Central Banks Loosen Their Monetary Policies

As China's producer price inflation continues to fall, so, too, will the outlook for global reflation. This will be accentuated by a shift in U.S. policy away from expectations of a sweeping tax reform — which has been increasingly watered down and now likely won't come before the end of the year — and toward trade, where uncertainty persists. The resulting retreat of the rising inflation that appeared in the developed world at the start of the year will alleviate some of the pressure on central banks to tighten their monetary policies. In the United States, the pace of interest rate hikes will slow, while across the Atlantic and Pacific, the European Central Bank and Bank of Japan will face less pressure to end their quantitative easing programs. A recent split in the United Kingdom's Monetary Policy Committee, moreover, showed a growing desire to raise interest rates and stave off inflation, despite the blow those moves could deal to an economy already stumbling amid the uncertainty surrounding a new minority government and signs of a dropoff in consumer activity. That the committee may boost interest rates in the next few months anyway, however, cannot be ruled out





The Americas stretch from the Arctic Circle in Canada to the southern tip of Chile. This geographically, culturally and politically diverse region is home to the United States, a nation whose geography helped it become the foremost economic and military power in the world — an ascendance aided in part by bringing Mexico and Canada into its sphere of influence. Farther south, the nations of South America are like islands, separated by vast spaces of impenetrable mountains, rivers and jungles. Try though these countries may to integrate more closely, deeper ties such as those that characterize North America will prove elusive.
13 MINS READJun 26, 2017 | 13:52 GMT
This geographically, culturally and politically diverse region is home to the United States, a nation whose geography helped it become the foremost economic and military power in the world

This geographically, culturally and politically diverse region is home to the United States, a nation whose geography helped it become the foremost economic and military power in the world

section Highlights
  • The U.S. government will implement the more protectionist policies in President Donald Trump's trade agenda, starting with negotiations to revise the North American Free Trade Agreement.
  • A dissident faction in the Venezuelan government will challenge President Nicolas Maduro, who could lose the military's support in the face of mounting protester casualties and the threat of sanctions from the United States.
  • In Brazil, political parties will start choosing candidates to run in the 2018 presidential race, though the country's wide-ranging corruption investigation will limit their options.
  • The Colombian government will prioritize passing the remaining laws necessary for its peace deal with the Revolutionary Armed Forces of Colombia (FARC), and criminal groups will encroach on the remote but lucrative territory that the rebel group abandoned during their demobilization.
See more on this Region

The White House Reviews Its Options

In the second quarter, the White House began a series of internal reviews on issues related to trade. U.S. President Donald Trump's administration conducted investigations on bilateral trade deficits and strategic sectors in the U.S. economy. Washington launched its 100-day action plan on trade with China, a period that will end July 16. And perhaps most important, the White House formally notified Congress that it would begin a renegotiation of the North American Free Trade Agreement. During the third quarter, the United States will follow up on these initiatives and begin implementing measures on the president's trade agenda.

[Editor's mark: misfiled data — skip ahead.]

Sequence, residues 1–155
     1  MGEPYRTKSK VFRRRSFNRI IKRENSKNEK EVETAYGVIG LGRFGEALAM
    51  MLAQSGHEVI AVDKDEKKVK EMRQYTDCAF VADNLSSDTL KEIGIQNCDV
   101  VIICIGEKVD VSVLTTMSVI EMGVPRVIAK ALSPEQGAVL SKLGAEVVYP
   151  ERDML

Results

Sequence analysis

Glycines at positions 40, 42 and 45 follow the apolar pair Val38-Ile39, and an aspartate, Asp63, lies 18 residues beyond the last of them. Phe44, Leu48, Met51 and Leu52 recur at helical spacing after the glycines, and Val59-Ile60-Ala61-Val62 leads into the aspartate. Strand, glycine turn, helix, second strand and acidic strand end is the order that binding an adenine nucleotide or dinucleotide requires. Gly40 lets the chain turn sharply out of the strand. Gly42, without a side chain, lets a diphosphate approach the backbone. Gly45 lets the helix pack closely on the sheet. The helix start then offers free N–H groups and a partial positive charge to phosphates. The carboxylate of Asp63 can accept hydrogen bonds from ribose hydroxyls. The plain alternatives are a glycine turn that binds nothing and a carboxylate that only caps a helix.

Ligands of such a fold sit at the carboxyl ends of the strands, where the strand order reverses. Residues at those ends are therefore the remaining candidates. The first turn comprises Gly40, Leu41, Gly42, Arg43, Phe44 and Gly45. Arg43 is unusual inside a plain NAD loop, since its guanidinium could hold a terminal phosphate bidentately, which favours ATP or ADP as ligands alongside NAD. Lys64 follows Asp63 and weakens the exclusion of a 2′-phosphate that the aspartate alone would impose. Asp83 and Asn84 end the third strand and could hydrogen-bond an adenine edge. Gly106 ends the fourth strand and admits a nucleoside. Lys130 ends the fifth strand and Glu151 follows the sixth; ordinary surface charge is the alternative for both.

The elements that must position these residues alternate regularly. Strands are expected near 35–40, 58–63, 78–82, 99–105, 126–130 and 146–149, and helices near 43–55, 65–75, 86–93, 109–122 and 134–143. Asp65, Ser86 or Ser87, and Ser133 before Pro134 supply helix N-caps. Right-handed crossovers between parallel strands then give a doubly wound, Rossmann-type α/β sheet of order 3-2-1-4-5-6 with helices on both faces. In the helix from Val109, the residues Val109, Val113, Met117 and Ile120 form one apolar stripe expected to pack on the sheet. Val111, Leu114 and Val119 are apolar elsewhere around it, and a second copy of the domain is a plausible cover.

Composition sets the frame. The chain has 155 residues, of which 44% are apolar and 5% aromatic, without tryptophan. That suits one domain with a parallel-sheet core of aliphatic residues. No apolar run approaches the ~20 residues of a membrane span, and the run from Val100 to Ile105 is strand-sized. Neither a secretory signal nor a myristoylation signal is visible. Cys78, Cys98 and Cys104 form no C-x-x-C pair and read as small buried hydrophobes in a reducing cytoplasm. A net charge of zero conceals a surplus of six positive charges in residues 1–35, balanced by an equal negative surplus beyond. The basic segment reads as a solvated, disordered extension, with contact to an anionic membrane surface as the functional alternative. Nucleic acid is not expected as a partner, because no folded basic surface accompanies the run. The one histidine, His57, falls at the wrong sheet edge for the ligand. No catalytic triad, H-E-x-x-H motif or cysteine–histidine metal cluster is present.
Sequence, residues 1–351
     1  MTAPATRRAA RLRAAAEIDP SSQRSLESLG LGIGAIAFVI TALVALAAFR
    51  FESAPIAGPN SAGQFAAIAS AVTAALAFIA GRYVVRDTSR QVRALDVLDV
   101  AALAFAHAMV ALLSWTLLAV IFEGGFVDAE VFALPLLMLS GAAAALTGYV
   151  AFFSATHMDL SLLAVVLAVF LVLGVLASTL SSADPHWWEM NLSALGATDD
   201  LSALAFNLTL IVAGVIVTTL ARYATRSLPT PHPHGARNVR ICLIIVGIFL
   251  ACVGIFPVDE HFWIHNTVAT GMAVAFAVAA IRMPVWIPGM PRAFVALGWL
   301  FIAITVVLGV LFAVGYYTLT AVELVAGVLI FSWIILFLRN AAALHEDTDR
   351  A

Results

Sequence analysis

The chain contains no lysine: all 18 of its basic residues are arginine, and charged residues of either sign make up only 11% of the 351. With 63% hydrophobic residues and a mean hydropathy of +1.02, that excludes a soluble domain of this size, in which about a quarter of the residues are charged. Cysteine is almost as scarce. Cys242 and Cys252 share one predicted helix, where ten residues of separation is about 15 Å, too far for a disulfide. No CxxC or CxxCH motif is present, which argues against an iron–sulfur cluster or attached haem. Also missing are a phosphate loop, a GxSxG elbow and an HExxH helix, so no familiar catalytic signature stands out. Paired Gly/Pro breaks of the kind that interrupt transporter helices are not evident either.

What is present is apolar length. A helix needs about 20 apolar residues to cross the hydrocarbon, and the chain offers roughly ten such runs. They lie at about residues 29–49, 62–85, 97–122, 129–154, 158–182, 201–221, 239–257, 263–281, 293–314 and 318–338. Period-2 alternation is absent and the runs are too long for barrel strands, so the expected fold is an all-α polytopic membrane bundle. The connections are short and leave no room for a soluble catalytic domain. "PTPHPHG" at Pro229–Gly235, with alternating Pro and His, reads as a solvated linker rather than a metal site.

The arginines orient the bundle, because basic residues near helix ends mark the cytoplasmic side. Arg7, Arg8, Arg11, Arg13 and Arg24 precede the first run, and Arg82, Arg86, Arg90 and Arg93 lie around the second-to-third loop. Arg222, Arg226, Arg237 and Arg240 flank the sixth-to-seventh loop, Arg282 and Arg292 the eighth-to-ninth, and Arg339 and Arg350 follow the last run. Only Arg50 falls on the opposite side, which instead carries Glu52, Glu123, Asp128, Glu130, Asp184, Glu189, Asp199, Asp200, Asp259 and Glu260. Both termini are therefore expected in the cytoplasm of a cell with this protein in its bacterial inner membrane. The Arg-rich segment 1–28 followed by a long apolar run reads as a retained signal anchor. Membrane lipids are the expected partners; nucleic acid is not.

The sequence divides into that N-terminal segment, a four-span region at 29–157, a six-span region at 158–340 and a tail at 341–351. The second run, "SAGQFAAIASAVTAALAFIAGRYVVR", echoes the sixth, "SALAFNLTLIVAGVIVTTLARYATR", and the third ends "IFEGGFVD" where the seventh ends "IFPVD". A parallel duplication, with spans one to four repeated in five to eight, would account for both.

The White House, for example, may move to protect the U.S. steel and aluminum sectors. Trump signed a pair of executive orders in the second quarter ordering investigations, set to wrap up as early as the end of June, into whether imports of the metals jeopardize national security. If the inquiries find that they do, then the Trump administration would likely restrict imports in those industries with quotas or tariffs. The White House could also try to pressure other countries to adopt voluntary export restrictions, if only informally — World Trade Organization rules prohibit the measures. Either way, the results of the investigation could bode ill for major U.S. steel suppliers, such as Brazil. Some suppliers, like Canada, are likely to gain exemptions of some sort.

In addition, new sectors, products and countries may come under Washington's scrutiny in the third quarter. The Trump administration has been keen on protecting the United States' heavy industries, automotive manufacturing and its high-end technology industry. If the president launches investigations into these sectors, they would probably adhere to the same pattern that the steel and aluminum inquiries followed. The White House has at its disposal few tools it can use to act quickly on trade issues, and the ones it does have — such as the national security review — require in-depth examinations. Even if the United States kicks off another review in the third quarter, for instance into semiconductor imports, the results probably wouldn't be back until the end of the year.

Negotiations on NAFTA Begin